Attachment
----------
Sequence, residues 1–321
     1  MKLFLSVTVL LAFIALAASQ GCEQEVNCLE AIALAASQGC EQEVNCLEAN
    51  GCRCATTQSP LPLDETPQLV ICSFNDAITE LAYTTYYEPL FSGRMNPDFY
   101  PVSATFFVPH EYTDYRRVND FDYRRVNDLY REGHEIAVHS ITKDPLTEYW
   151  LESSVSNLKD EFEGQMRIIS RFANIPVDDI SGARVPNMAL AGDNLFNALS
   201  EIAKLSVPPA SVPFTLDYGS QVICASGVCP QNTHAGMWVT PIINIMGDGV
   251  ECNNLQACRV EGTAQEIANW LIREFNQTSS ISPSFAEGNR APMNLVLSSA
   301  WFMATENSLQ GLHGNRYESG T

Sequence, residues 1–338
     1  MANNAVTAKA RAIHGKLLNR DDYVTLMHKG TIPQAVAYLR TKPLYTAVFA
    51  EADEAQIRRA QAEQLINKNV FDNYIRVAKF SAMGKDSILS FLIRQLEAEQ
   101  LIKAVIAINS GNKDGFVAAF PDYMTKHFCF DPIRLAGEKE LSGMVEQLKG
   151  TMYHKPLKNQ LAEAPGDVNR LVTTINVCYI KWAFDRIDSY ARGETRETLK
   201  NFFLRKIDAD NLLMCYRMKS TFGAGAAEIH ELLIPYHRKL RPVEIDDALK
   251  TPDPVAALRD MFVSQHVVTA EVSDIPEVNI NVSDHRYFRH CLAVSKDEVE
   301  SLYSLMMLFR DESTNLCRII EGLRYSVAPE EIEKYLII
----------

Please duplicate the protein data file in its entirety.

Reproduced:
Sequence, residues 1–321
     1  MKLFLSVTVL LAFIALAASQ GCEQEVNCLE AIALAASQGC EQEVNCLEAN
    51  GCRCATTQSP LPLDETPQLV ICSFNDAITE LAYTTYYEPL FSGRMNPDFY
   101  PVSATFFVPH EYTDYRRVND FDYRRVNDLY REGHEIAVHS ITKDPLTEYW
   151  LESSVSNLKD EFEGQMRIIS RFANIPVDDI SGARVPNMAL AGDNLFNALS
   201  EIAKLSVPPA SVPFTLDYGS QVICASGVCP QNTHAGMWVT PIINIMGDGV
   251  ECNNLQACRV EGTAQEIANW LIREFNQTSS ISPSFAEGNR APMNLVLSSA
   301  WFMATENSLQ GLHGNRYESG T

Sequence, residues 1–338
     1  MANNAVTAKA RAIHGKLLNR DDYVTLMHKG TIPQAVAYLR TKPLYTAVFA
    51  EADEAQIRRA QAEQLINKNV FDNYIRVAKF SAMGKDSILS FLIRQLEAEQ
   101  LIKAVIAINS GNKDGFVAAF PDYMTKHFCF DPIRLAGEKE LSGMVEQLKG
   151  TMYHKPLKNQ LAEAPGDVNR LVTTINVCYI KWAFDRIDSY ARGETRETLK
   201  NFFLRKIDAD NLLMCYRMKS TFGAGAAEIH ELLIPYHRKL RPVEIDDALK
   251  TPDPVAALRD MFVSQHVVTA EVSDIPEVNI NVSDHRYFRH CLAVSKDEVE
   301  SLYSLMMLFR DESTNLCRII EGLRYSVAPE EIEKYLII